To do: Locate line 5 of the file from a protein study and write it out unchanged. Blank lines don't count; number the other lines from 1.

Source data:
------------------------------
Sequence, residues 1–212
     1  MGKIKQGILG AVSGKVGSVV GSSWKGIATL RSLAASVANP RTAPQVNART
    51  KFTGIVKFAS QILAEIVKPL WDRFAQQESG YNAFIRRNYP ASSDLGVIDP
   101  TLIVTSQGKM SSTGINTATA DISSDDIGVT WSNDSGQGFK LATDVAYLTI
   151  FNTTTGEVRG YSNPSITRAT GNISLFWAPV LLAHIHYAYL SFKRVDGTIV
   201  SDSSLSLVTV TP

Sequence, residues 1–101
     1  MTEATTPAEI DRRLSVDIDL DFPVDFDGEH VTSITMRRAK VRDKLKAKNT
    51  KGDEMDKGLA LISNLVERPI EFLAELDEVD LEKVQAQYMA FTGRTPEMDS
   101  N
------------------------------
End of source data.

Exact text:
   151  FNTTTGEVRG YSNPSITRAT GNISLFWAPV LLAHIHYAYL SFKRVDGTIV